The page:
Red Eyes, Black Feathers and Funny Feet

An Adult American Coot


The beak has a white shield growing up from the beak and at the top there is a red spot in the adults.


The feet are rather unique for water fowl because they are not webbed. The coot splays them for walking and standing and puts the toes together when swimming. They feed on aquatic plants, either dabbing on the surface of the water, or diving down to pull up the plants. Out of the water you can see that their body looks rather chicken like, round and plump. That is to help them keep afloat. The disadvantage to this is that it’s quite difficult to get airborne. As a result they have to run across the water for several yards all the while beating their wings before they can actually get in the air. I have not yet seen this, but I hope to at some point, as the sight must be quite remarkable. And because of their fat and plump body, when they dive underwater to get food, they look rather like a bobbing cork, which is quite hilarious!

For more photos, sounds and information about the American Coot, visit this page of The Cornell Lab, All About Birds , and the Audubon’s webpage Better Know a Bird: the American Coot and It’s Wonderfully Weird Feet.

The American Coot
Red eyes, black feathers and funny feet,
And a white shield growing up from my beak.
Tipped at the top with a funny red spot
That makes me unique along with my bright yellow feet.
I’m a Coot, don’t you see, why just look at me.
I’m a handsome odd fellow with my feet dressed in yellow.
So go on yonder to the websites and ponder.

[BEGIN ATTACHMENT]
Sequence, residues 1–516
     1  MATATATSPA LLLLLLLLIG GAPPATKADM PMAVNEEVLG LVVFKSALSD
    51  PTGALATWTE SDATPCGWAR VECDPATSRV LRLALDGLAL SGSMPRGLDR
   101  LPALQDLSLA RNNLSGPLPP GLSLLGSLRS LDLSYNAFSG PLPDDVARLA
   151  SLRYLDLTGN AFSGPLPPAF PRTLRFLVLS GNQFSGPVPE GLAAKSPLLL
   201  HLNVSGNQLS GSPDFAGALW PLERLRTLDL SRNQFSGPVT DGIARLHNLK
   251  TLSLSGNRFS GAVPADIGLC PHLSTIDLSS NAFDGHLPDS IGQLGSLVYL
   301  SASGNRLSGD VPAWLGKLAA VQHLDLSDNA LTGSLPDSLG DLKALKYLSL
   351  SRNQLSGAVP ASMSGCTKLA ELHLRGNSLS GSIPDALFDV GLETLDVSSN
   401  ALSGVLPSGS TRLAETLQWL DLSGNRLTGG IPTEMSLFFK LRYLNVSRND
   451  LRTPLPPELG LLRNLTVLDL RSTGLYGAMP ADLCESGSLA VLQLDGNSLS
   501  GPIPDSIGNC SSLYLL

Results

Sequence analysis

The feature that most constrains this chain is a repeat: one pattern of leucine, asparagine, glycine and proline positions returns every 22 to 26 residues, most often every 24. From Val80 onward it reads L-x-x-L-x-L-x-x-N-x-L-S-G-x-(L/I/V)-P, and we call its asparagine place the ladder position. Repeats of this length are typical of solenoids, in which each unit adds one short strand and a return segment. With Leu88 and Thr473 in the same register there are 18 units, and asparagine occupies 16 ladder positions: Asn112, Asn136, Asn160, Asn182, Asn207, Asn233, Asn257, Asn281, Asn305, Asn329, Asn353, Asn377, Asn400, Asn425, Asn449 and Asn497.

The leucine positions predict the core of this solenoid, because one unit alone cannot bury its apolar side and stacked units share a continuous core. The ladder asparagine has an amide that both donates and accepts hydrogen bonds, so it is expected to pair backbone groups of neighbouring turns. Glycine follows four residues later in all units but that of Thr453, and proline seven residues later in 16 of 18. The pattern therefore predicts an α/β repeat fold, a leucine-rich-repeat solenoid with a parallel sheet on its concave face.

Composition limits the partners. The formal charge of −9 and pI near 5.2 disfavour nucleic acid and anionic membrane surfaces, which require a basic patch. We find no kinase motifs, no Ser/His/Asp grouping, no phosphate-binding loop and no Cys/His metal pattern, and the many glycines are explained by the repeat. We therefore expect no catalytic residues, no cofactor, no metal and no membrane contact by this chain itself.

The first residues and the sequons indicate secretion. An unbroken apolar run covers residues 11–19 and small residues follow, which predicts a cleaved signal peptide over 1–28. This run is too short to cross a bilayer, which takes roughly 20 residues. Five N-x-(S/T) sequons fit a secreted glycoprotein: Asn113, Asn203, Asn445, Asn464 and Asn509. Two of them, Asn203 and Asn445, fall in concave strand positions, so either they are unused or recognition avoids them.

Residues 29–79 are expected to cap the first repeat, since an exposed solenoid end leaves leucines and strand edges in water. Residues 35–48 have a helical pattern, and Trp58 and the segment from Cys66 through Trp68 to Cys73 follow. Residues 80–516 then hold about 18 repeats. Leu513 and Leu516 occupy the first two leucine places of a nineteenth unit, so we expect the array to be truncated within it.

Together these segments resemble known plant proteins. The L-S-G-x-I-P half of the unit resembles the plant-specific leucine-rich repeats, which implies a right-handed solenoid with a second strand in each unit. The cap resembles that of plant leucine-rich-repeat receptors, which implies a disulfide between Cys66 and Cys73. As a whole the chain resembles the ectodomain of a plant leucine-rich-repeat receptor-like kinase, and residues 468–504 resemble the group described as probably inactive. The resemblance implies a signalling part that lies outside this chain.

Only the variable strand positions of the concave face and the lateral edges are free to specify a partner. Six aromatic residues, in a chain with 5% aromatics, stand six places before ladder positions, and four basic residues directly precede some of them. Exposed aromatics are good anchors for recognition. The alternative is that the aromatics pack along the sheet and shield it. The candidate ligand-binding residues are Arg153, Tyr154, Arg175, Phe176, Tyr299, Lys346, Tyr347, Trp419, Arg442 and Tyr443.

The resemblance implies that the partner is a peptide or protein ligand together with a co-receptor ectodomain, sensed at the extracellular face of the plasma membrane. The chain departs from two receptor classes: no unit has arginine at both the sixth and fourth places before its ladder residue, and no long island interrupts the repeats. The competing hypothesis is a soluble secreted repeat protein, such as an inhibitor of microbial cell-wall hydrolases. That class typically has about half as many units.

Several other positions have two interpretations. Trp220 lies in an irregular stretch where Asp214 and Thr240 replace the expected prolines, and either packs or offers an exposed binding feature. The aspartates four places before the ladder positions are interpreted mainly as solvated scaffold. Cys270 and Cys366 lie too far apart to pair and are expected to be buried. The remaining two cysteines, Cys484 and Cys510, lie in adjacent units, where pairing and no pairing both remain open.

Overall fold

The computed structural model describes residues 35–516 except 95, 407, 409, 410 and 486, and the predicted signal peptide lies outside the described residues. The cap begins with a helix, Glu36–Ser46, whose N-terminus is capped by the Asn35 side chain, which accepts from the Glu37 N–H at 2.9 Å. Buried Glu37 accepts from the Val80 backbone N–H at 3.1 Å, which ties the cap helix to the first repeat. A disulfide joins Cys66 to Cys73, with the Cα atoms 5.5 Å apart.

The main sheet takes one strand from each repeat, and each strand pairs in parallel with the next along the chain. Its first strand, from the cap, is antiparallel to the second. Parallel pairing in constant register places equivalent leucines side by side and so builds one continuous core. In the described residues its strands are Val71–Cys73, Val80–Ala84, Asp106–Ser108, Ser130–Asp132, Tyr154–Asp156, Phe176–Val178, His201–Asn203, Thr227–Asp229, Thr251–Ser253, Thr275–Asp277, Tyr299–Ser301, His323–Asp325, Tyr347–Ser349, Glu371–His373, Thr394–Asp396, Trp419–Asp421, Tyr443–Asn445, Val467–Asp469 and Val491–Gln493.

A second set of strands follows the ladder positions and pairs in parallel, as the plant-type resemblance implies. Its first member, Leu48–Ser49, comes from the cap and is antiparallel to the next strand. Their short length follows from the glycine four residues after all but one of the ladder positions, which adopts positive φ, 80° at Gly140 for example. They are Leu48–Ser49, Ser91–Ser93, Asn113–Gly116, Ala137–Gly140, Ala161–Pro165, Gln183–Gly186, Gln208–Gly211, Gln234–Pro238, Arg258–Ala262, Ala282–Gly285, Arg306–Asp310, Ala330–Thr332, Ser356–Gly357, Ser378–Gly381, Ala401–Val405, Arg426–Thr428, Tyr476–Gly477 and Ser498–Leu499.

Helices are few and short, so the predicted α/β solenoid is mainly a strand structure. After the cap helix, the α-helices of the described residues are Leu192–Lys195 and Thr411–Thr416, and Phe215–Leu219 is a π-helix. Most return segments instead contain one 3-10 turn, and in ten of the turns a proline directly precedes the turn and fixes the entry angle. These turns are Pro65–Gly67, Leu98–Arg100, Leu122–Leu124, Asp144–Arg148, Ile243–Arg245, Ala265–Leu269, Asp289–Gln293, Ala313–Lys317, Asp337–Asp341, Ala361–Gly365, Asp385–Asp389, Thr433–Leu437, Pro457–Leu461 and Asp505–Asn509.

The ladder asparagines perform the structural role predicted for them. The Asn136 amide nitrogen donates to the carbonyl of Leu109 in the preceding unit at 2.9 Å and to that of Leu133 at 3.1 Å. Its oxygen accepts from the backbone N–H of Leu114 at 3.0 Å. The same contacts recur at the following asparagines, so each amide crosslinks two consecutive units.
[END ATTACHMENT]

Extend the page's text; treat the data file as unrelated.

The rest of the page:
You’ll learn a lot about my bright red spot.
It’s quite a show, just think what you’ll know!

(Not poetry, but at least it rhymes, hopefully providing some amusement.)

Posted for Granny Shot It Bird of the Day, BOTD.

This Lake Is For the Birds

Literally.  Lake Merritt, in Oakland, California, is actually a tidal lagoon and includes the oldest dedicated wildlife refuge in the United States, which was established in 1870! I am fortunate to live across the street from the Lake, which is why I take so many photographs of birds!

Canada Geese
Snowy Egret

Posted for Terri’s Sunday Stills: For the #Birds.

The Focus Is For the Birds But…..

The bird is beautiful!

I had not seen this bird before, nor have I seen him since. He appeared one day last March when I was out with a camera, and sadly I didn’t have a repeat opportunity to take a focused shot. Does anyone know what the species is? And where he might more normally be found in North America?



And here’s another little guy I’ve only seem once – on the same day I saw the above beauty. Can anyone identify this one for me?


Posted for Terri’s Sunday Still’s For the #Birds.

A Bird Feeder and a Bird

Hummingbirds’ outrageously long beaks seem just ridiculous to us. They don’t seem that way to the hummingbird, of course. It would be interesting to go back 10 million years to see what plants necessitated such a long beak in order for the birds to access the nectar. This little fellow hangs out on my balcony frequently. As long as I keep the sugar water in the feeder, of course!


W/P Challenge: Bird Feeders.